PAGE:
History was made on Monday when passengers travelled in a hyperloop pod in the first-ever test drive of the new transportation technology developed by Virgin Hyperloop in Las Vegas.
Sultan Ahmed bin Sulayem, chairman of Virgin Hyperloop and group chairman and CEO of DP World, watched the passenger testing first-hand. Dubai’s DP World has pumped in millions of dollars into the project’s research and development.
The hyperloop pod reached 172km on the 500-metre long test track and the company is hopeful that it can achieve 950km speed.
Virgin Hyperloop’s co-founder and chief technology officer Josh Giegel and director of passenger experience Sara Luchian were the first people in the world to ride on this new form of transportation. The company has previously run over 400 un-occupied tests.
“I had the true pleasure of seeing history made before my very eyes — to witness the first new mode of mass transportation in over 100 years come to life,” said Sultan Ahmed.
“I have always had tremendous faith in the team at Virgin Hyperloop to transform this technology into a safe system, and today we have done that. We are one step closer to ushering in a new era of ultra-fast, sustainable movement of people and goods,” he added.
The successful test will pave the way for the certification of hyperloop systems around the world — a key step towards commercial projects, including those in Saudi Arabia and UAE.
Once approved and deployed by authorities, Dubai and Abu Dhabi will also be connected with hyperloop, which will reduce travel time between the two emirates to 12 minutes.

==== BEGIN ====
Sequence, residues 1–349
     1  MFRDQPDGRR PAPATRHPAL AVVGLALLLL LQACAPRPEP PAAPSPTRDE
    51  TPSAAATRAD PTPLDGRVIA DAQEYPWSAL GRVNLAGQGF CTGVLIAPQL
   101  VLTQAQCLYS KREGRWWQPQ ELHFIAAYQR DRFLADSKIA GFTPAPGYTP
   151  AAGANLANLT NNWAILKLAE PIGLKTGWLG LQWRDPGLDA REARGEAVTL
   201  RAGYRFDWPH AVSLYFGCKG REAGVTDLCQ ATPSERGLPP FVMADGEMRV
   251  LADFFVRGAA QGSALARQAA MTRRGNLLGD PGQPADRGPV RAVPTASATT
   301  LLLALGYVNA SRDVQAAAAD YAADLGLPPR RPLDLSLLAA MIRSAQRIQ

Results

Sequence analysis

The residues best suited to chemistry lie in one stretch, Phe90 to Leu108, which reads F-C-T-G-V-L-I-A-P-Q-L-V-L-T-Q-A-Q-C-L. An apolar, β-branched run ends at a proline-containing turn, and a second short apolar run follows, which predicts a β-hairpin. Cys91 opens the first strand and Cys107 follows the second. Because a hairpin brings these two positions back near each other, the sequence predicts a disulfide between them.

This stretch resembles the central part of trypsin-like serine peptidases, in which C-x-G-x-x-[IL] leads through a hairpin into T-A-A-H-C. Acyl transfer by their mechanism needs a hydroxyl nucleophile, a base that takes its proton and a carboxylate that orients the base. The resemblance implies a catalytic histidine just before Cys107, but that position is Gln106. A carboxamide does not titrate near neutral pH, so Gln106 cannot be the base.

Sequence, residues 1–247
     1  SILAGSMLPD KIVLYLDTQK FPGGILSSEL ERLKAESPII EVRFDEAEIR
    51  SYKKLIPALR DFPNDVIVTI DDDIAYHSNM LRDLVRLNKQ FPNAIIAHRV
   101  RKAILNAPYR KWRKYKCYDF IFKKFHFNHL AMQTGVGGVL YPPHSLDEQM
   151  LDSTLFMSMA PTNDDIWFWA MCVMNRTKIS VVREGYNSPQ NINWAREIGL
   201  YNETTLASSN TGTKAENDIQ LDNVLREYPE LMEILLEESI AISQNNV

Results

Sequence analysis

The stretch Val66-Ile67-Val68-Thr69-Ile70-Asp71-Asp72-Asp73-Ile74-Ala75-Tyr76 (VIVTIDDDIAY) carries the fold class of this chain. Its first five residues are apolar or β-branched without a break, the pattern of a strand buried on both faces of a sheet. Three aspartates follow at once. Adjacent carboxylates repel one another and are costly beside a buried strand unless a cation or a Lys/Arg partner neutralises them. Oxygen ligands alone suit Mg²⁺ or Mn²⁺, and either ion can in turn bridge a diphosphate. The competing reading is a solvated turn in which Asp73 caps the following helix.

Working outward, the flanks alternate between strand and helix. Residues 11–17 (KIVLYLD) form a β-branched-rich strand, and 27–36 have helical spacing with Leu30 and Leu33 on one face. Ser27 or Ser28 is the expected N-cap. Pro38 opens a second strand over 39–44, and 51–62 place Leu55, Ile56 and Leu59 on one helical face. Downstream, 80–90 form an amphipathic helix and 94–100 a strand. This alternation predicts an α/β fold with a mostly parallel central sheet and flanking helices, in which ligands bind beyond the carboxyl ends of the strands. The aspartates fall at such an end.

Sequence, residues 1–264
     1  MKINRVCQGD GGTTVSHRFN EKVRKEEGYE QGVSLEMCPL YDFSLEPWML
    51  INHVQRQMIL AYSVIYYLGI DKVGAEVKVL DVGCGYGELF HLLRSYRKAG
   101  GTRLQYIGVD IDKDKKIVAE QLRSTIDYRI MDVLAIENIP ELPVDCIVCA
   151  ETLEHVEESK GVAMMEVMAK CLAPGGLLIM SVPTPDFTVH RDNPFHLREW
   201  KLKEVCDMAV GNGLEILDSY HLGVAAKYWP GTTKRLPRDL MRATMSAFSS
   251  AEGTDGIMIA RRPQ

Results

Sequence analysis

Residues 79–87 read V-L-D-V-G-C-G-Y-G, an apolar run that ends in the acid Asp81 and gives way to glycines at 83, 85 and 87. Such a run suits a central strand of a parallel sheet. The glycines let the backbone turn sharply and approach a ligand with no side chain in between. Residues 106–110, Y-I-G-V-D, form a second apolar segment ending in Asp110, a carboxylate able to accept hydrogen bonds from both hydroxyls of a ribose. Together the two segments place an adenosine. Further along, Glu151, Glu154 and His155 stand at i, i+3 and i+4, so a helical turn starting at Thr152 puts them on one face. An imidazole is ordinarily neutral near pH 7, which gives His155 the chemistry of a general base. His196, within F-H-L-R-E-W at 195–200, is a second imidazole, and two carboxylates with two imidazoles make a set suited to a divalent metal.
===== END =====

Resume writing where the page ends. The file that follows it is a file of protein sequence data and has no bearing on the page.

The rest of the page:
The occupants made their maiden voyage on the newly-unveiled XP-2 vehicle, designed by Bjarke Ingels Group, which was custom-built with occupant safety and comfort in mind. While the production vehicle will be larger and seat up to 28 passengers, this 2-seater XP-2 vehicle was built to demonstrate that passengers can in fact safely travel in a hyperloop vehicle.
“I can’t tell you how often I get asked ‘is hyperloop safe?’,” said Jay Walder, CEO of Virgin Hyperloop.
“With today’s passenger testing, we have successfully answered this question, demonstrating that not only can Virgin Hyperloop safely put a person in a pod in a vacuum environment, but that the company has a thoughtful approach to safety which has been validated by an independent third party.”
Virgin Hyperloop continues to be active in the Gulf region. Saudi Arabia is leading the world with a first-of-its-kind national hyperloop study to evaluate how a hyperloop carrying both passenger and cargo could spark economic benefits, create jobs and develop high-tech skills. The study, commissioned by Saudi Minister of Transport Saleh bin Nasser Al Jasser, will lay the groundwork for a network of hyperloop routes to be considered across Saudi Arabia.
“Today’s successful passenger testing brings us one step closer to commercial hyperloop projects in the Gulf region,” said Harj Dhaliwal, managing director of Middle East and India for Virgin Hyperloop.
(c) 2020 the Khaleej Times
Distributed by Tribune Content Agency, LLC.